When awards buzz starts brewing over a comedy, my ears immediately perk up as track record has shown it will often be a film I’ll love (see Sideways, Little Miss Sunshine, Juno etc.). So I fully expected to like The Kids Are All Right, and I did. What I didn’t expect was to laugh as much as I did, but this one brought on the funny in big heaps. And in the midst of all the humor, there’s an effective story about the effects infidelity can have on a family, anchored by some great performances by all the key players: Julianne Moore, Annette Bening, Mark Ruffalo, Mia Wasikowska and Josh Hutcherson. The slight blemish of the premature abandonment of Ruffalo’s character can’t outweigh all the strengths this film has going for it. Did I mention that the parents in the family are lesbians? No? That’s how small a deal this film makes of it, which is quite refreshing. Also the movie that really got me into Joni Mitchell.
5 – THE GHOST WRITER (Roman Polanski)
“Be sure to make a right at the bottom of the drive. If you turn left, the road will take you deeper into the woods and you’ll never be seen again.”
A tightly-wound political thriller about a writer (Ewan McGregor) who’s assigned the task of penning the memoirs of a former British Prime Minister (Pierce Brosnan playing a Tony Blair substitute). Then intrigue and drama unfolds as possible conspiracies and accusations of war crime start flying. There’s an ever-present sense of danger looming, which sets it apart from (surprisingly) many of its genre brethren. But this is Roman Polanski, and if any working director today knows suspense, it’s him. The Ghost Writer deserves to rank among the Chinatowns and Rosemary’s Babys as his finest films.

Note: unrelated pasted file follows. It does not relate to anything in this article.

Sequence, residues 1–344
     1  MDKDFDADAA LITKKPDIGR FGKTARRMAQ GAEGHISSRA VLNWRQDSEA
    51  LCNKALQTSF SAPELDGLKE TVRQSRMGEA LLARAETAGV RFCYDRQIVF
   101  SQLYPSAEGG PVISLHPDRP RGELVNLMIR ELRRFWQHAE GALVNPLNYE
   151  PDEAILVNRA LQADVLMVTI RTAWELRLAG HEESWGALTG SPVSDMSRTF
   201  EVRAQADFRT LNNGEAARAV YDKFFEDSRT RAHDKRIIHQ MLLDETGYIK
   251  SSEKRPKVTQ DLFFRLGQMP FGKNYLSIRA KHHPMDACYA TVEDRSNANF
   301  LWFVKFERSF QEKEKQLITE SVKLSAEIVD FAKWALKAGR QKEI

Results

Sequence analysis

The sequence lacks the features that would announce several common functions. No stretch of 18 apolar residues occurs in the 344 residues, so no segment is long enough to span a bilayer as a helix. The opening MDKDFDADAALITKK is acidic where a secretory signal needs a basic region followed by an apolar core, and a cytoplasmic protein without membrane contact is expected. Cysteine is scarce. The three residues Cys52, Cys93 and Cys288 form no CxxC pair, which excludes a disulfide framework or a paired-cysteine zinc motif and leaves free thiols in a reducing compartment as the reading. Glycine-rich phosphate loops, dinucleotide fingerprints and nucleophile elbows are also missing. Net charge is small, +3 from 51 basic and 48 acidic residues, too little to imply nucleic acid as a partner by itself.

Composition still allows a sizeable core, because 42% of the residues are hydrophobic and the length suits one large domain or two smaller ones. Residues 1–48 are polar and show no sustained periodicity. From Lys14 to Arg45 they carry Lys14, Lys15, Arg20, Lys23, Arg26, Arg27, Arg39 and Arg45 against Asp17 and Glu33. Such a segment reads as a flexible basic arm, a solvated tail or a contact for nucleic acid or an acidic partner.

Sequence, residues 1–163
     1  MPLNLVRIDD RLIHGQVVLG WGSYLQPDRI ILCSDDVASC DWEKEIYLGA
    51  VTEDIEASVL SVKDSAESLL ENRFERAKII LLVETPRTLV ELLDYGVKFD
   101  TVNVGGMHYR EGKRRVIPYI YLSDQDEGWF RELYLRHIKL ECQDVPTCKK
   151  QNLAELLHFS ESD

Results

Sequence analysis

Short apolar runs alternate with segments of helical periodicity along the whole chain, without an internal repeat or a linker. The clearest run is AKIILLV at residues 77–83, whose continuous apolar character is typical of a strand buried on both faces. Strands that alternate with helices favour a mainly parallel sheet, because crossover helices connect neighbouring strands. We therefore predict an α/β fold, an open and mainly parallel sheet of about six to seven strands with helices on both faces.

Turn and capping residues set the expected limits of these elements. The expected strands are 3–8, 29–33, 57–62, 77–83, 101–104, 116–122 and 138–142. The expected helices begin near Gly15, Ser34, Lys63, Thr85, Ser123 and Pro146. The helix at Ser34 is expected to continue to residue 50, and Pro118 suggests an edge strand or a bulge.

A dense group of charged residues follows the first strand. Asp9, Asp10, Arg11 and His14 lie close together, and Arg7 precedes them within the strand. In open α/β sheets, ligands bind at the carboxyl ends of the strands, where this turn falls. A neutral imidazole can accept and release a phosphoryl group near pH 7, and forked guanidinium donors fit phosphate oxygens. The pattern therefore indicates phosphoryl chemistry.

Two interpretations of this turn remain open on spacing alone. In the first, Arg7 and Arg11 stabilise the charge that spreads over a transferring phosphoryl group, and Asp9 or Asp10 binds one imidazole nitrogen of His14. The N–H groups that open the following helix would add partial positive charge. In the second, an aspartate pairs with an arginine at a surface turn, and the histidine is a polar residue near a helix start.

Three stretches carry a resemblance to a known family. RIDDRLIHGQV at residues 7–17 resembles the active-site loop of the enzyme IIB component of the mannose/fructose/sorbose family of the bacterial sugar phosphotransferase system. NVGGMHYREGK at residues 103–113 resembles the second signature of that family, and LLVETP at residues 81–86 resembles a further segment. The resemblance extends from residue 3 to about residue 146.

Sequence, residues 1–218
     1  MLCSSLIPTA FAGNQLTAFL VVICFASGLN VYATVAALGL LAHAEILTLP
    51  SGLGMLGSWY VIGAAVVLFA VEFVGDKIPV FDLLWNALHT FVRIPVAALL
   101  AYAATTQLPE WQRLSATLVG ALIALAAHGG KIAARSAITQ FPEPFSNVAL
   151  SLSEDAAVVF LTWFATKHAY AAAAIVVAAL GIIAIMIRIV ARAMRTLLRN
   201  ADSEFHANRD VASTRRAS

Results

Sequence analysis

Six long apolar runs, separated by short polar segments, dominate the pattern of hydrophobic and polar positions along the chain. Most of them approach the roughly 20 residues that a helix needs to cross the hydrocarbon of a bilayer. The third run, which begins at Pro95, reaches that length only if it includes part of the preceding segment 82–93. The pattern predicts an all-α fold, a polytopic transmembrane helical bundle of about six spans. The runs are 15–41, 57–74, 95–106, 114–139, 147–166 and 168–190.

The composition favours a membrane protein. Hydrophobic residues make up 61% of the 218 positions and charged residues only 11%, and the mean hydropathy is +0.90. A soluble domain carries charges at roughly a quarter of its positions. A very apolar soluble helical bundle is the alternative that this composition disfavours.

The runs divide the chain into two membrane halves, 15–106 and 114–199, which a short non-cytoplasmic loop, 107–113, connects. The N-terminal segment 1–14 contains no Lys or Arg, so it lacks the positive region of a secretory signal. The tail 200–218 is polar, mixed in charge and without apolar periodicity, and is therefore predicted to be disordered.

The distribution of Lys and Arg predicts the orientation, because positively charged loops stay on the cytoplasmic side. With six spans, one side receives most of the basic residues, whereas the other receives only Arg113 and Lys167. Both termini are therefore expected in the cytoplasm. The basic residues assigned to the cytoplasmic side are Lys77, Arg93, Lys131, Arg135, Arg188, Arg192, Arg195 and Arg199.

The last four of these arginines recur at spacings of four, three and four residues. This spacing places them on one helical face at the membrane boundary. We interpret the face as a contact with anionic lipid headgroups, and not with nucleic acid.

4 – INCEPTION (Christopher Nolan)
“The dreamer can always remember the genesis of the idea. True inspiration is impossible to fake.”
As far as big blockbusters go, Christopher Nolan makes them smarter than most. While he weaves an intricate plot about thieves enterting dreams within dreams within dream, he holds the viewer’s hand throughout (some say too much) to keep confusion from spilling over. Add in thrilling action scenes and whoa-inducing visual effects and you have the recipe for a great time at the theater.
3 – THE AMERICAN (Anton Corbijn)
“Don’t make any friends, Jack. You used to know that.”
Here’s a film hurt by misleading marketing. The poster, DVD box art and trailer all lead one to believe this is a fast-paced action thriller. It’s not. Instead, it’s a slow-paced, low-key character study of an assassin as he settles into an Italian town to lay low and maybe pull off an easy job while he’s there. George Clooney is stunningly good in the lead. He appears calm, collected and professional at all times, even when we can sense the tension lurking beneath his skin. The American is also beautifully filmed, thanks to photographer-turned-director Anton Corbijn and cinematographer Martin Ruhe. Very underrated.
2 – BLACK SWAN (Darren Aronofsky)
“Perfection is not just about control. It’s also about letting go. Surprise yourself so you can surprise the audience. Transcendence!”
After the uncharacteristically down-to-earth The Wrestler, Black Swan signals Darren Aronofsky‘s return to his usual highly stylized in-your-face work. There is little subtle about this film. Natalie Portman reveals on her face every emotion her perfection-seeking ballerina Nina goes through, her descent into madness manifests in grotesque scenes of blood and body horror, and her sexual hang-ups are never shied away from either. A breathtaking film.
1 – BLUE VALENTINE (Derek Cianfrance)
“How do you trust your feelings when they can just disappear like that?”
A heartwrenching look at two different stages of a relationship: the initial falling in love and the eventual collapse. What happens inbetween is left to our imagination, but who can ever pinpoint a precise moment in time when romance fades away anyway? Blue Valentine is my favorite film not just of 2010, but of the last couple of years as well. Because of Ryan Gosling and Michelle Williams delivering the year’s two best performances. Because of its frankness. Because of the shower scene. Because of all the revealing close-ups. Because of Williams’ dorky dance. Because of its clever cuts from present to past and back again. Because of the love. Because it hurts so bad.